Tips for Identifying Crystal Structure

I am very much an amateur, but I am trying to continue to improve my knowledge of gemstone and the various ways to identify them. This may be a dumb question but I don’t really understand how to identify the crystal formation of cut/worked stones. If unworked, it is often very easy, the shapes of the crystals are often very clear. But with worked/cut stones, I am not sure what to look for. Under magnification, I can sometimes see the crystal shapes of the stone itself or inclusions by looking for the various changes in internal symmetry inside the stone, but with most, I don’t know what to look for. I would be grateful for help with the basics of what to look for and how best to examine (ie, under magnification or held to the light, for example), or high level guidance on the broad categories of stone where crystal structure can be seen versus not seen, would be helpful.

To make a possibly dumb question even dumber (I appreciate your patience is this is very basic stuff), I see a crystal structure description for most gemstones in guides and on line, but as I mention above, I struggle to single out and see those. Do all gemstones have visible crystal structures (magnified or otherwise), or is the structure less a description for the purposes of identification, and instead something relevant mainly to cutting and working (which I do not do)? Thank you!

This is a great question. I have a very limited knowledge in this topic, and am curious what others have to say. Definitly will be following this thread.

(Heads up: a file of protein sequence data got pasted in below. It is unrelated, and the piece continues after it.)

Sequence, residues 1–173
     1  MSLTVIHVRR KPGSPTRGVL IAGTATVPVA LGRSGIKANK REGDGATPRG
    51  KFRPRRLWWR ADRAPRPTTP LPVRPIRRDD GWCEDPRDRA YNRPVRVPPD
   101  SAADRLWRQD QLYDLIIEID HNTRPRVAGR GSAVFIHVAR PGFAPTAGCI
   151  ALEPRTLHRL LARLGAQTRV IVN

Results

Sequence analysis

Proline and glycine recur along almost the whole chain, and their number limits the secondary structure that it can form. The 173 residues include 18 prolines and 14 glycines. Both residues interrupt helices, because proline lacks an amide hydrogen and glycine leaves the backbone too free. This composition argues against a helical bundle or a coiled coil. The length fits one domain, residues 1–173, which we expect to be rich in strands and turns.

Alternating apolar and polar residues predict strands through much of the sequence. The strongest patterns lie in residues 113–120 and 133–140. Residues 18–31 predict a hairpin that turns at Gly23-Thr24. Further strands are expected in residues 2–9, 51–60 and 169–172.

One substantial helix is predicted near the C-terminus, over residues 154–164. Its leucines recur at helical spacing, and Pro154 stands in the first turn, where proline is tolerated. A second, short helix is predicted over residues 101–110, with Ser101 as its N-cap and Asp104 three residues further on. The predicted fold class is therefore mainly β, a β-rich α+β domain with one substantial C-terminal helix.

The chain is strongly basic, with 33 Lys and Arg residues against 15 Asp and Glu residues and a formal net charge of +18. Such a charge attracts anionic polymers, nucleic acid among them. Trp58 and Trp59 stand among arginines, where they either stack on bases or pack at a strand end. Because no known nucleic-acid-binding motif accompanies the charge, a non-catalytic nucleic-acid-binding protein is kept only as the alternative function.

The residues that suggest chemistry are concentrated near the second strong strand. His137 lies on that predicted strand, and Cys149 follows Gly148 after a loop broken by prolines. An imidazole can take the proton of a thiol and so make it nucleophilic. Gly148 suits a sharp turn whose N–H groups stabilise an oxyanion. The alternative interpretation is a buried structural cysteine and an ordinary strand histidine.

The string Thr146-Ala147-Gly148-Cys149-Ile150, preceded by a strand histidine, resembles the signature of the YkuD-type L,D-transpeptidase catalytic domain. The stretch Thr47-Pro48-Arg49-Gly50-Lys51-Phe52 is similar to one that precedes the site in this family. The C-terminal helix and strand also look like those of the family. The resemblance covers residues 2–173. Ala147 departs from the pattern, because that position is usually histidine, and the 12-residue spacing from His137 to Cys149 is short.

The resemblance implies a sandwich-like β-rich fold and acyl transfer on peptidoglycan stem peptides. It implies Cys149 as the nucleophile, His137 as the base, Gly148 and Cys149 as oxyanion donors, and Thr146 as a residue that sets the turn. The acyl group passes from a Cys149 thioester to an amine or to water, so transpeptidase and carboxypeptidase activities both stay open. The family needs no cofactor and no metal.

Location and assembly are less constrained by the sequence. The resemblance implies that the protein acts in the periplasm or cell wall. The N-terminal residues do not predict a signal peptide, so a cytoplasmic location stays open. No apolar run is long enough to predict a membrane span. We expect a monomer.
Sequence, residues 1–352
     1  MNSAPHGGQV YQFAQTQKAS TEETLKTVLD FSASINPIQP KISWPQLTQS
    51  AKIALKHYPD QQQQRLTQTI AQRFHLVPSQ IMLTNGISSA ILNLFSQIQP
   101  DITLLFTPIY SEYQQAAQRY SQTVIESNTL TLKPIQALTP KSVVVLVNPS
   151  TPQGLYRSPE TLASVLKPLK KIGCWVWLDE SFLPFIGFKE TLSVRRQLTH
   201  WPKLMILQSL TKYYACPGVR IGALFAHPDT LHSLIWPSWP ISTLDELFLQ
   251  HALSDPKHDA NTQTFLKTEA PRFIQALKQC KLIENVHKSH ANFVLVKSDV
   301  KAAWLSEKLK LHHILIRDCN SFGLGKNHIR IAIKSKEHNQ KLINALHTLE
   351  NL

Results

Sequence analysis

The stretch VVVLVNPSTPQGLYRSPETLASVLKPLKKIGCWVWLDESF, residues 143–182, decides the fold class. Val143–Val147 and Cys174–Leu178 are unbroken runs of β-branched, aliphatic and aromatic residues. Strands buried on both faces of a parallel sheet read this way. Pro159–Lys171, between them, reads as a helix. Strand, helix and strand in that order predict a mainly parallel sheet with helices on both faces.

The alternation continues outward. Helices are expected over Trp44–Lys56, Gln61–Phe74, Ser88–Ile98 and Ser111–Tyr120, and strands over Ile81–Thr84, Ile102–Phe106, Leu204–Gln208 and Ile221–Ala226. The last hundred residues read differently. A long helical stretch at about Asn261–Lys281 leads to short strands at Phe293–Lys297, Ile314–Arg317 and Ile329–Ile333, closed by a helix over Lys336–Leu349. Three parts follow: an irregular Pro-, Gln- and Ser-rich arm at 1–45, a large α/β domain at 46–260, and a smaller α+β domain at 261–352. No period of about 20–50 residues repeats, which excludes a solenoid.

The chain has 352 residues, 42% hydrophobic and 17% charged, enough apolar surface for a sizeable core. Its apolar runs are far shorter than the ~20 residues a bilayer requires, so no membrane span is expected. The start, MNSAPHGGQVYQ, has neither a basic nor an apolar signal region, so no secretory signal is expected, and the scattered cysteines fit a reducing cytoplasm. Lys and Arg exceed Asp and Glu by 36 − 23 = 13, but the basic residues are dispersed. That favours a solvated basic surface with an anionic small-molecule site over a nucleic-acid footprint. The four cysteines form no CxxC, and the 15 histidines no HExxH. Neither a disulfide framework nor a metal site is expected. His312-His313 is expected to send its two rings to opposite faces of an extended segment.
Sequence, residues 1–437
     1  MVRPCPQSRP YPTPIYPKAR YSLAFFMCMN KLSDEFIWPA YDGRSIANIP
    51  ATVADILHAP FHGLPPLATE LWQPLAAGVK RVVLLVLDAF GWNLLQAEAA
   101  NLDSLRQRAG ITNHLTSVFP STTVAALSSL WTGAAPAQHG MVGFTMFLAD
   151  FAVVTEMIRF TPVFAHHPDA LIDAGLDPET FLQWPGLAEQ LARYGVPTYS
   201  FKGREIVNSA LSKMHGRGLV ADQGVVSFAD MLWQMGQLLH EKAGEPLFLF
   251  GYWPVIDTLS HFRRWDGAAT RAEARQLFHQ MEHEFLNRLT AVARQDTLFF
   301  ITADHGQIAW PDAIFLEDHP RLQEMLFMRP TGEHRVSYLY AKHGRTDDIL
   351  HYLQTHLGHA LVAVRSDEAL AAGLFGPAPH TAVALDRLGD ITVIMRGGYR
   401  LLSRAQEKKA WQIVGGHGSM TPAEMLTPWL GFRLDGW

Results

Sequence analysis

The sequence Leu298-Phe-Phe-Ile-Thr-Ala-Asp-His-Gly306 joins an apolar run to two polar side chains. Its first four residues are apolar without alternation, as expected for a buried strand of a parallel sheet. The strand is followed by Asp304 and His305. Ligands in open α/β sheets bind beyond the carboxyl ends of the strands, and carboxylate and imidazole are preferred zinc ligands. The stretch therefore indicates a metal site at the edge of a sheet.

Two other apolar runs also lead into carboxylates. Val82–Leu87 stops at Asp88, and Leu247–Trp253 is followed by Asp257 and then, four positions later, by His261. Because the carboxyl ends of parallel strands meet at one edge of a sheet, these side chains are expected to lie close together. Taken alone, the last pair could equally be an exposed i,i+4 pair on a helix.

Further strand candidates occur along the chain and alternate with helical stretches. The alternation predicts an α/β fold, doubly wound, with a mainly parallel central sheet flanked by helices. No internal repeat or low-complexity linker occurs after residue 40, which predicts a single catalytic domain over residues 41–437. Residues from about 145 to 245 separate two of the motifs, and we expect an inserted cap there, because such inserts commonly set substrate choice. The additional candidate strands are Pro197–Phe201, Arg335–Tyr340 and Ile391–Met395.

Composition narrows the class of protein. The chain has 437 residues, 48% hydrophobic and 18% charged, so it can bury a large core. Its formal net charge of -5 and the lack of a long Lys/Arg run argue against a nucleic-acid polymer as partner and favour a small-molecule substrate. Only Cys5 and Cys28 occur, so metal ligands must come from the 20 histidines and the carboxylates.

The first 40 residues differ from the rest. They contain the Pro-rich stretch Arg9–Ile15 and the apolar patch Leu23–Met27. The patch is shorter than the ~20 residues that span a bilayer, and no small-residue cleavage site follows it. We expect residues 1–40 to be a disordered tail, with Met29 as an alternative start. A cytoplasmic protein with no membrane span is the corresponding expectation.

Hey Paul, this is an interesting question. I cut diamonds, so I can give you some answers with respect to that gem. Diamond crystallizes in the cubic system. In rough crystals of gem quality their habit is generally octahedral, with 8 faces, or dodecahedral, 12 faces, or some variation or combination of the two. In industrial grades there are many varieties of crystal (or polycrystalline shapes). And, of course a cube has only 6 faces. This is all very confusing, because the crystal system really describes an internal atomic structure. And, to your point once the crystal is cut and polished into a gem even the external habit becomes almost totally obscured, unless the cutter left some ‘naturals’ visible on the finished piece.

To put it more simply, if you start with a cube, then facet its eight corners flat, it will become an octahedron. If you then facet the 12 edges of the octahedron flat, it becomes a dodecahedron. That is kind of how those crystals form in nature, all variations of a cube.

Naturals on a finished gem are remnants of the skin of the original crystal. They can leave clues, such as trigons, to suggest how the original rough formed.